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Modern Swiss Architecture in Five Parts
Earlier this summer, I found, intact, a five-part portfolio about modernist Swiss architecture. Published between 1942 and 1947, it covered the period from the late 1920's to the mid-1940's. I was immediately drawn to the set by the clean graphic design--by the font, layout, and color way. I was not surprised to see that Max Bill was one of the editors. As an architect, furniture and graphic designer, writer, editor, and artist, Bill was one of the true giants of 20th century design.
"Moderne Schweizer Architektur"--the primary text is in German, although there is an English translation--tracks the uninterrupted path of modernist building in Switzerland through a period when such building in the rest of Europe was either halted or destroyed. Still, while there are doubtless national or regional idiosyncrasies, Swiss modernism is depicted as part of broader modernist practices, especially involving Bauhaus ideas. Projects illustrated include houses, apartment buildings, bridges, stadiums, churches, stations, factories, and offices. Each project includes multiple images, along with plans and descriptions. The architects in the survey include Max Bill, Robert Winkler, Robert Maillart, Alfred Roth, Alfred Altherr, and Hermann Bauer.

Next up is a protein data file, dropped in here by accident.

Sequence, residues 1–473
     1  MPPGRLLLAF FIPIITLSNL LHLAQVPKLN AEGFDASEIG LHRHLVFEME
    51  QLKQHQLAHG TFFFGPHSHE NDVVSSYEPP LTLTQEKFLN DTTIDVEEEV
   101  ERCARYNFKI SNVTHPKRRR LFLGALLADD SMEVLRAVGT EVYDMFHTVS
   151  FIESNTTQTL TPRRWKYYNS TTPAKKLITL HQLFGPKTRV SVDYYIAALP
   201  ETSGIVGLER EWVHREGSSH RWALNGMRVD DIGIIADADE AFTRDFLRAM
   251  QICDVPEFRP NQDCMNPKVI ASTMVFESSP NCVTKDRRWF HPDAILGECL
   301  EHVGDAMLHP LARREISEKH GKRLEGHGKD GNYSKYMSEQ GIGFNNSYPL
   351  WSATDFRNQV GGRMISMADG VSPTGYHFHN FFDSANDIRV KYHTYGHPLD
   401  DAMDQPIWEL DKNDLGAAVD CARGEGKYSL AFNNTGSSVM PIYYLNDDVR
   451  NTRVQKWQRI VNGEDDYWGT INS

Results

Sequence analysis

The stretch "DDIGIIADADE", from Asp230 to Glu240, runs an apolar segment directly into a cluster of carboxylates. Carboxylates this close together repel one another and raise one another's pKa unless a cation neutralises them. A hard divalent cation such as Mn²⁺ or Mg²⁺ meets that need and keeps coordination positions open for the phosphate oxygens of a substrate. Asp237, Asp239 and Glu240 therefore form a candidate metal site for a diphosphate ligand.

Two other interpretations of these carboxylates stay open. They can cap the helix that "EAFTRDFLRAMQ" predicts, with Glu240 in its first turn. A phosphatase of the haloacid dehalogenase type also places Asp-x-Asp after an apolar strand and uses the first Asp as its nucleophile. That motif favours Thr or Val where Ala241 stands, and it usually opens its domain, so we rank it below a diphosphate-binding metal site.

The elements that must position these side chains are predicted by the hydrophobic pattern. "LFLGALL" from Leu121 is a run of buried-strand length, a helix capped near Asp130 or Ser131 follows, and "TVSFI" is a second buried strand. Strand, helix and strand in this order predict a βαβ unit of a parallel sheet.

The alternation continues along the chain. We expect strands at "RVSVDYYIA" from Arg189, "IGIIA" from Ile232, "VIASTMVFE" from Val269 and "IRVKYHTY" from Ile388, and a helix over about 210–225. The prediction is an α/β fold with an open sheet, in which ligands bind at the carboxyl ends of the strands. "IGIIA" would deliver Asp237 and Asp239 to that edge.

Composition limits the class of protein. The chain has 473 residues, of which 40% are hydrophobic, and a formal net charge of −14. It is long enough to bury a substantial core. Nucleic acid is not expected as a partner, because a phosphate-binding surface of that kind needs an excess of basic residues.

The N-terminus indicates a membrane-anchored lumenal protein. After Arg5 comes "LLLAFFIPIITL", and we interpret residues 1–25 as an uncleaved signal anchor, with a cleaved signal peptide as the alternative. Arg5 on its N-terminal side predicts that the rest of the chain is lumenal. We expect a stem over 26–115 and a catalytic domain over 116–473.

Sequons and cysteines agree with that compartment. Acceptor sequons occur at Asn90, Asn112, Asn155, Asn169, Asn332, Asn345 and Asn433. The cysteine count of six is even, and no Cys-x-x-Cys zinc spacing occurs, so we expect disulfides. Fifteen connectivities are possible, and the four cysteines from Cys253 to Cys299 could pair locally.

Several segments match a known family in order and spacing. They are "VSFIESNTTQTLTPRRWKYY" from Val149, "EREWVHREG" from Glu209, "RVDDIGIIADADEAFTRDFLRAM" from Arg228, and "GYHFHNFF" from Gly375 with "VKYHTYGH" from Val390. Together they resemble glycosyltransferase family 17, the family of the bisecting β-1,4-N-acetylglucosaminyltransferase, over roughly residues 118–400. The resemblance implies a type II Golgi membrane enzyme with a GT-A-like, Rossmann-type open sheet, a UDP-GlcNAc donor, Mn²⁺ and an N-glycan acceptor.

I've selected five projects to show here:
• Housing for Single Women, Basel (1929). Architect: Artaria & Schmidt. Reminiscent of Bauhaus Dessau with the alternating rows of porches. The interiors shown are predictably spartan.
• St. Johanneskirche, Basel (1936). Architects: Karl Egender and E.F. Burckhardt. I like the bell tower. Though the building is essentially a rectangular box, there is enough height in the church proper for a balcony.
• Festival Hall at the Swiss National Exhibition, Zurich. (1938). Architect: Rudolf Dick. The steel arches form a polygonic parabola covered in tentcloth.
• Bridge over the river Brenno, Tessin (1938). Architect: W. Krusi. Though Robert Maillart is Switzerland's most famous bridge designer, I favor this bridge over the examples of Maillart's work in the portfolio. Due to the "wild flow" of the river, the bridge was built without intermediary supports.
• Strandbad (Cabana) on a lake, Mellen (1936). Architect: W.M. Burgin. The low strung structure housing the baths and the cabanas is okay, but I really like the photograph.